"To be back in my home province and to be part of celebrating sport - this is what we're excited about," she said. "I know this is the first year and the first big event, but this is also just the beginning."
Le May Doan told the players that the events of that night were really just the start of their journey, highlighting that there's an empty road in front of them and it'll be up to them to ensure that they all come through that journey healthy and positive, no matter the highs and lows along the way.
"It's interesting when you talk about where people begin and where they end because for all the players who started on this team - this is not just building hockey players and not just building community; we're building our next generation of leaders," she said. "That's what I want to make sure that they all remember as we celebrate this evening. We know what sport gives us; we know the values about sport. But these young women will go on to be our next generation of leaders. It's not just celebrating the successes that people have in their careers, it's also celebrating how you can give back to the community."
Catriona noted that while the story of the female Ice Hawks is in the beginning stages, there were things that she hoped players would remember along the way, one of them being the events of this night.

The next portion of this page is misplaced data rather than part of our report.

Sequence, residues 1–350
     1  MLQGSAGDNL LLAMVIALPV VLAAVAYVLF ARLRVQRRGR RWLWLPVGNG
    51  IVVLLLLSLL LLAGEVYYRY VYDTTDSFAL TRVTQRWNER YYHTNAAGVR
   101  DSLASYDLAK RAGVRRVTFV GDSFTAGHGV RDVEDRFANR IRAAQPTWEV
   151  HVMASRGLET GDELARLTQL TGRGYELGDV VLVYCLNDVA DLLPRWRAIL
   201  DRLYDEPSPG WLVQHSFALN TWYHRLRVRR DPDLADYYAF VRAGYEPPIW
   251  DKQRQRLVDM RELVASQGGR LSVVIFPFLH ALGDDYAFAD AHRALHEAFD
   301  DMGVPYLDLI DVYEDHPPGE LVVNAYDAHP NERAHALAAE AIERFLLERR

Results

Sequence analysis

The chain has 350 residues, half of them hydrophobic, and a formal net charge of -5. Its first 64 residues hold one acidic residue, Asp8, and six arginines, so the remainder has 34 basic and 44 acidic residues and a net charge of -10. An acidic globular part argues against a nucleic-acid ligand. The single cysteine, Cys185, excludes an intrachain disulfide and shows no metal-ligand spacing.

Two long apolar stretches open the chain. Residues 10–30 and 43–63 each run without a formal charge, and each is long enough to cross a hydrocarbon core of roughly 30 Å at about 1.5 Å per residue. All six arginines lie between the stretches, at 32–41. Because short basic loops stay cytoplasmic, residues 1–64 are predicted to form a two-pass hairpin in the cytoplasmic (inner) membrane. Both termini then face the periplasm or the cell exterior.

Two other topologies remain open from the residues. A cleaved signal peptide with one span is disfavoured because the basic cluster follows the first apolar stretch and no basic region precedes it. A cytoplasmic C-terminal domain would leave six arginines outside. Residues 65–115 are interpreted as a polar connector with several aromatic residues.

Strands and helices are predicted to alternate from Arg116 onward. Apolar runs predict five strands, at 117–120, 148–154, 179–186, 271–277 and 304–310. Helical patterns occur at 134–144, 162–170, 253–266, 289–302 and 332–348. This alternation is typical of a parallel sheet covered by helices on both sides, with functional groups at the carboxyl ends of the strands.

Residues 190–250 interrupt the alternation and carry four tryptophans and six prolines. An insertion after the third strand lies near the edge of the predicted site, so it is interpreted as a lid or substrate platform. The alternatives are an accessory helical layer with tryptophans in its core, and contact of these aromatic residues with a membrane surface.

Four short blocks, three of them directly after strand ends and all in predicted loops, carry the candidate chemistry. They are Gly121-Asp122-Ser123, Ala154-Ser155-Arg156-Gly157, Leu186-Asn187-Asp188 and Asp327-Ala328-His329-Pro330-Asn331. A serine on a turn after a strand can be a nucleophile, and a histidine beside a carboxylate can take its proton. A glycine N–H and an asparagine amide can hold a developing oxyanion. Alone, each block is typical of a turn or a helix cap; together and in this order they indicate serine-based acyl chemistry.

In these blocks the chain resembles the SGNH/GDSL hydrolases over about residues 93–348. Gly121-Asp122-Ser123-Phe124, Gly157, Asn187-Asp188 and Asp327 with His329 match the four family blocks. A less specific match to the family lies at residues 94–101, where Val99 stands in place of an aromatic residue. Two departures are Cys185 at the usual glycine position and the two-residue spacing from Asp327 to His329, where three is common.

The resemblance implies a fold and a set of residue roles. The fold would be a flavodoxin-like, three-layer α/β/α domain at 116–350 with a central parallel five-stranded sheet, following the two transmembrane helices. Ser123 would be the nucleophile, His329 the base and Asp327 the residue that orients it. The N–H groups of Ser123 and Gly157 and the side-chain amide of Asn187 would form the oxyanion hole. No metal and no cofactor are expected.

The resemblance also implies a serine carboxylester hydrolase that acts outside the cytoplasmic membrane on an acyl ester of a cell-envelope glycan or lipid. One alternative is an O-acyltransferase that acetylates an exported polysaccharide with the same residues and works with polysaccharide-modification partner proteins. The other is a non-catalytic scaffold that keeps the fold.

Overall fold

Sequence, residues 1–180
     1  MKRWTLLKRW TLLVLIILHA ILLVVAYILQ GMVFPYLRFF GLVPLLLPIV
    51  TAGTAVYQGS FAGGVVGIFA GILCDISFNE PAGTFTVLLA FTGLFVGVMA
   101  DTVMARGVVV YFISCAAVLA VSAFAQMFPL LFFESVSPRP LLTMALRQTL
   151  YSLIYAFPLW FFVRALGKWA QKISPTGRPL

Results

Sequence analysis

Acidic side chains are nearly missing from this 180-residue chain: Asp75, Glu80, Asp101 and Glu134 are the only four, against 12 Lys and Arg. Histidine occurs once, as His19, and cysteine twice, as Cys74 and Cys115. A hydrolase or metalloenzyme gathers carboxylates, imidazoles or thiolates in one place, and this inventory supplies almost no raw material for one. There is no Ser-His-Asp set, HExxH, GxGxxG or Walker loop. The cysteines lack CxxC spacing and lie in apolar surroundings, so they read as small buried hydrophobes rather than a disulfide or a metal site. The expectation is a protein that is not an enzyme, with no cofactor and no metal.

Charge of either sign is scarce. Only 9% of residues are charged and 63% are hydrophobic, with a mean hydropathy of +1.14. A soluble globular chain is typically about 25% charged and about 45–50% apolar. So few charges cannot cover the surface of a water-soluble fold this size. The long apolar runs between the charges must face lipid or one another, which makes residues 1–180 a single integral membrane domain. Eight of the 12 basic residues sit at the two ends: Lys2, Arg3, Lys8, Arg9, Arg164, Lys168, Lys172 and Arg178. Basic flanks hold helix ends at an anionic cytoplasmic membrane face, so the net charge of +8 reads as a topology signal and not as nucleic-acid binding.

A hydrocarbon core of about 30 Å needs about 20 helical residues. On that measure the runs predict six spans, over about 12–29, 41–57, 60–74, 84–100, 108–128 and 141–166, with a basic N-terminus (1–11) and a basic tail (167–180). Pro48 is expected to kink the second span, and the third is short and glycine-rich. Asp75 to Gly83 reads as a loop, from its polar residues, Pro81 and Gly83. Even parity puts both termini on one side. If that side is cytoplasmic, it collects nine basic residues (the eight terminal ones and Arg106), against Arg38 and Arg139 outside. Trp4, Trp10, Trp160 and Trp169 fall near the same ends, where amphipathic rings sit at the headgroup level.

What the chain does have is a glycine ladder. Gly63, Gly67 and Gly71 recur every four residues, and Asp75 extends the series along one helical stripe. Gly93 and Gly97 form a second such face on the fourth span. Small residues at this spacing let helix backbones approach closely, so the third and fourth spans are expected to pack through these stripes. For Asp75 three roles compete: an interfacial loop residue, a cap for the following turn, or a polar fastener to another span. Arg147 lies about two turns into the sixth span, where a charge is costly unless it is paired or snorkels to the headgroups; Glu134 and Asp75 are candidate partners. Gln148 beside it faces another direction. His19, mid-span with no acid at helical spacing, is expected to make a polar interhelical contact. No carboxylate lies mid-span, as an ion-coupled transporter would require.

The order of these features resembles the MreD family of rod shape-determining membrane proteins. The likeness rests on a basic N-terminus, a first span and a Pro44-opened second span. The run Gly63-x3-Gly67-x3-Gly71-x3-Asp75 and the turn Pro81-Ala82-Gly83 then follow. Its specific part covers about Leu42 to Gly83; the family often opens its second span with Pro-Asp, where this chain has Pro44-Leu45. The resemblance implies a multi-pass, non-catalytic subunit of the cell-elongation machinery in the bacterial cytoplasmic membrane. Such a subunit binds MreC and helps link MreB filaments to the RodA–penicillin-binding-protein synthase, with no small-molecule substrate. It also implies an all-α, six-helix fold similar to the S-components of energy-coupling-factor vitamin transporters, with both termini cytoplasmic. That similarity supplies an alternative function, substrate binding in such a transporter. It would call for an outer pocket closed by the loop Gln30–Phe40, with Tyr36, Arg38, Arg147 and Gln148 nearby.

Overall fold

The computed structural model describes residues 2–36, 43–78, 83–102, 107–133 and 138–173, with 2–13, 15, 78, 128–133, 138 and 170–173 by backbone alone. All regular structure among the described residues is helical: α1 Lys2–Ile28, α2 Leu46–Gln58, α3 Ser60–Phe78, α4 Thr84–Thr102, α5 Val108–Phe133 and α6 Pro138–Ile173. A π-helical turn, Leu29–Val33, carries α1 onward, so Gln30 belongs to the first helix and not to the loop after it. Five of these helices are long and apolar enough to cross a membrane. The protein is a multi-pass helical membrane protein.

"When we look at this team and we look at this league and we look at this season, this is just the start," she said. "It's exciting because while we're in a wonderful place, look at where we're going to get to in the future. This is the beginning of an incredible journey and that's what we need to celebrate; the journey that this is going to take us on. It's an honour, but all three of us can tell you that it's also a responsibility when you put on that jersey, and that's what we're here to celebrate tonight."
The Mainline Ice Hawks are in the midst of their first season out on the ice, having been created after the formation of the Saskatchewan Junior Female Hockey League last year. Coached by GM/head coach Josh Houseman, assistant coach Nikki Stewart, and trained by Catherine Trew, the Mainline Ice Hawks are comprised of Kallie Colwell, Larissa Bohlken, Jayda Braun, Morgan Snell, Nicole Hackl, Jenna Dueck, Jaden Woulfe, Chloe Babiy, McKenna Nameth, Mary McKay, Sydney Wood, Ali Orvold, Chloe Coates, Keeley Martens, Hailey Spence, Meikka Ehlert, Tyrell Schroeder, Brooklynne Francon, Teanna Crossman, Jazlyn Irving, Sydney Martin, Taylor Enns, and Keegan Tipewan.
The team plays host to the Regina Junior Rebels this coming Sunday, February 4 at the Jim Kook Rec Plex with a game time of 3:00 pm.